Saenredam thus seems to be more of an archeologist than a religious person when considering that his paintings relate more to the architectural aspect of churches than to the religious messages they put across.

Saenredam's works are inspired by his obsession with mathematical perspective, as his complex understanding of the subject enabled him to look at buildings from a point-of-view that differed from how the masses typically pictured such concepts. The fact that he used mathematics with the purpose of portraying interiors of churches and cathedrals led to a series of problems concerning the similarity between the actual perspective he wanted to display and the one he drew. "When he arrived at a construction drawing with which he was satisfied, he transferred it to a panel and began to paint, taking great care with the tactile appeal of plaster and stone and the luminosity of space."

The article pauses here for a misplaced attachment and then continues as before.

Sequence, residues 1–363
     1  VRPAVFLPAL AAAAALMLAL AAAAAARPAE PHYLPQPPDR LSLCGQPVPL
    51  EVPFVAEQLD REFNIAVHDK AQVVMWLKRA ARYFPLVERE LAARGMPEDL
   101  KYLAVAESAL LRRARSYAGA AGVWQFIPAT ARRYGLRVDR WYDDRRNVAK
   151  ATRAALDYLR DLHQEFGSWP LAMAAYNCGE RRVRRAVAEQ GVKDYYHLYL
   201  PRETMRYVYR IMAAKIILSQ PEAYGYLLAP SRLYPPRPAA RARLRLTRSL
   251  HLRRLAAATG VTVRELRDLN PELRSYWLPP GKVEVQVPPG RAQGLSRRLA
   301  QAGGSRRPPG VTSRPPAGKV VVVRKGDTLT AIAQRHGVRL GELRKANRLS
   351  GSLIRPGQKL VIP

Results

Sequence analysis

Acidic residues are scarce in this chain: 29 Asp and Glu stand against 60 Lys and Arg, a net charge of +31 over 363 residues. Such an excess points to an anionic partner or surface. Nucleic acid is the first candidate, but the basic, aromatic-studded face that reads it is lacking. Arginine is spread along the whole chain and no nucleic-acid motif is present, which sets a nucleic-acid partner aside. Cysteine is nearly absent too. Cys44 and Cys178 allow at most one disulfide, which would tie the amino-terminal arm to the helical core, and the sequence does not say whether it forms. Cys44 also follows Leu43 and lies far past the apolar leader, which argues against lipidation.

Saenredam's works were most often criticized because they sometimes misrepresented reality. The Interior of the Grote Kerk at Haarlem (1636-7), for example, shows the painter's tendency to focus on ideas like light and space. He altered the actual appearance of the church by making the columns appear taller than they actually are, as this would make the structure look more imposing and more beautiful in general. As if he was determined to refrain from allowing any spiritual elements to pervade his works, Saenredam approached them from a material perspective. He practically looked at the architectural beauty of the buildings he wanted to paint and concentrated on imitating this respective beauty rather than to address the religious aspect involved in the discussion. "Art is what becomes the sacred space contained in this work -- sacred because it embodies individual thought and sensibility engaged with a world outside itself."